There are a grouping of expenses that occur on a regular basis. I have attempted to group these together and ‘level’ the cost of these expenses, similar to how many utility companies will try to get you on a single payment for the year. In my case though, I do this for about a dozen or so different things, and then make a single contribution towards this ‘leveled fund’ that covers the expenses.
Since I’ve been trying to level the expenses, it means that I’ve been tracking them. So, I thought that I would compare these on an annual basis. Some will have three years data, some will have two. That’s because I add and subtract different categories as they come up. When I look back at this next year, chances are you’ll see some additional categories here.
Here are the expenses (I’ve rounded to the nearest dollar):
Netflix (Video Rentals)
We’ve dropped our plan a couple of times over the years to match the decline in our time dedicated to watching movies. I think that this will end up about the same in 2010 and trend up slightly, as we are anticipating bumping the plan back up a bit when they begin streaming movies to the Wii.
Cable TV and Internet
We canceled HBO in mid-2008. That accounted for the slight drop in 2008, and also for the bigger drop in 2009 as the full year of savings was realized. I believe that this cost will rise slightly as cable costs are expected to rise like they usually do.
I’m so proud to report that my wife is great with finding deals and clipping coupons. We actually were able to reduce our amount spent at the grocery store for food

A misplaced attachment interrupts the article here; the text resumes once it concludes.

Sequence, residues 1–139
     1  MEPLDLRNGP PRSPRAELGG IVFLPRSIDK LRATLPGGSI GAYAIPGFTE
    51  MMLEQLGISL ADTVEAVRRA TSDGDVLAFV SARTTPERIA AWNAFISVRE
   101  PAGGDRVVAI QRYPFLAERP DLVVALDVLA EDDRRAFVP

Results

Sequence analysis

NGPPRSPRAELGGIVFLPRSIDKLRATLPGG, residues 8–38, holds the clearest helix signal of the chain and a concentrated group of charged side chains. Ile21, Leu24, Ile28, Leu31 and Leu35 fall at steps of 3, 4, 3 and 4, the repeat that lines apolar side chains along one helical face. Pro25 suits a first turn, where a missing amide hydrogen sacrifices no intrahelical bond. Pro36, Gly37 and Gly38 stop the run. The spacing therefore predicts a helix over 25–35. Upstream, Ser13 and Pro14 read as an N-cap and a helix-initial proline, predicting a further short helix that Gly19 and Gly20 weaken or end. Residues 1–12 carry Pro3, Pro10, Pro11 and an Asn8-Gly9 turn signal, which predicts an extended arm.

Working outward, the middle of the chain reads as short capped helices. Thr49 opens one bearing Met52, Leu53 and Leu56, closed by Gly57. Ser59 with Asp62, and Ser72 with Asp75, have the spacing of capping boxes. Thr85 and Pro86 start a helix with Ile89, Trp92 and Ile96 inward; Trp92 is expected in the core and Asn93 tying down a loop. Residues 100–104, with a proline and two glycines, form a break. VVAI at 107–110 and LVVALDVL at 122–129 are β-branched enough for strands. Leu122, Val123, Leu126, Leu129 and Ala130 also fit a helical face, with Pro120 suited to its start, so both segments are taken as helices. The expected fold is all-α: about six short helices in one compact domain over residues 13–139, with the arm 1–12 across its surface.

Costco (Household and Food)
We buy most of our cleaning supplies, and some food staples through Costco. I expect this number will continue to climb as we buy more and more baby stuff through there, as they have pretty good deals on select items. Also, as our family grows, it will probably make sense to buy things in bulk that we wouldn’t buy there now, so I would foresee this continuing to grow.
We saw a pretty big savings this past year as we made the decision to raise our deductible from $500 to $1,000 in the event of an accident. This would essentially mean that we’d have to go accident free for just under two years to save the difference. We also dropped rental car insurance. Previously, when we were both working, we wanted to make sure that we had this coverage. Now that my wife is staying at home, we feel that we could get by with one car in the event of an accident. I believe that this cost will drop a little in 2010 as we realize the full year savings, and then level off or rise with inflation. Here you can get a auto owners insurance quote.
Secretary of State + Roadside Assistance
This covers license registrations as well as our dues for AAA Roadside Assistance. Hopefully our costs stay about the same, as they did this past year.
This was a big drop for us, and it was for two reasons. First, we drove a lot less. My office, where I spend about 80% of my working days, is only about six miles round trip. My wife stopped working, so although we miss her income, our fill-ups went down a lot when her daily commute went away. I expect this number to increase in 2010 as gas costs are already higher, but hopefully we won’t approach our 2008 spending in this category for a long, long time!